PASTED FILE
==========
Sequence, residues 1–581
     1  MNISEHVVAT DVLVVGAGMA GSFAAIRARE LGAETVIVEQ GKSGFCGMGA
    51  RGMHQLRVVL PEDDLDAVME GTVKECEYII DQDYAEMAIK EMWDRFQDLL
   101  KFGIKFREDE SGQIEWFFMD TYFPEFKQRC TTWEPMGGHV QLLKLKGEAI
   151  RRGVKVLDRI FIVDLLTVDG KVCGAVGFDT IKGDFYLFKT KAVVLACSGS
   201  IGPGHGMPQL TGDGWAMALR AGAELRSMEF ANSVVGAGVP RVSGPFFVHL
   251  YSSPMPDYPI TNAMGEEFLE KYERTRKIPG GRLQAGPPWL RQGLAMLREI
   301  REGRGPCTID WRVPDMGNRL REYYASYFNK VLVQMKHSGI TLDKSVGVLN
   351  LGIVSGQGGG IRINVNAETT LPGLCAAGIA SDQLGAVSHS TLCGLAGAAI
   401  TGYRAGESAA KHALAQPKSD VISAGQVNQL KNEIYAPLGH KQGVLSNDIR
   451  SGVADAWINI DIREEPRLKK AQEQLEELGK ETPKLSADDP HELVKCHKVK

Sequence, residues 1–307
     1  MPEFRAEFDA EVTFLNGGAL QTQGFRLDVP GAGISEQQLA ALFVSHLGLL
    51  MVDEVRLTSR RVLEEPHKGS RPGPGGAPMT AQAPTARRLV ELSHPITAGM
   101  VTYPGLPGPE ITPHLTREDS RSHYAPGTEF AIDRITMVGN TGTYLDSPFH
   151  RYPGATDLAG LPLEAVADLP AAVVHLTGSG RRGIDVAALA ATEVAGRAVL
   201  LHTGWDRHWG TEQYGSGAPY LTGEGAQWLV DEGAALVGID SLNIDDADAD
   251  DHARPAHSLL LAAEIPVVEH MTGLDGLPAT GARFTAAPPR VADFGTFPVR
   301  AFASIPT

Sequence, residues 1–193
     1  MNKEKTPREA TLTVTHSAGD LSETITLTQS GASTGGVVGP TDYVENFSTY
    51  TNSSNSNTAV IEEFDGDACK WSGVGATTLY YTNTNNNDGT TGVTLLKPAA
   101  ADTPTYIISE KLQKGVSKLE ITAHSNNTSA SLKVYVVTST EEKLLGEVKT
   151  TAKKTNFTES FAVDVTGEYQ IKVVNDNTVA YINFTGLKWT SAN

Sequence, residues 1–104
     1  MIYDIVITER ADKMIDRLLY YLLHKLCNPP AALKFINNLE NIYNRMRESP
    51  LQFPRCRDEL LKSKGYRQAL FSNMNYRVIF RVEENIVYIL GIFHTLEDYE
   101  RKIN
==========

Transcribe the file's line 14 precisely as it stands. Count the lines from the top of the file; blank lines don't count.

    51  MVDEVRLTSR RVLEEPHKGS RPGPGGAPMT AQAPTARRLV ELSHPITAGM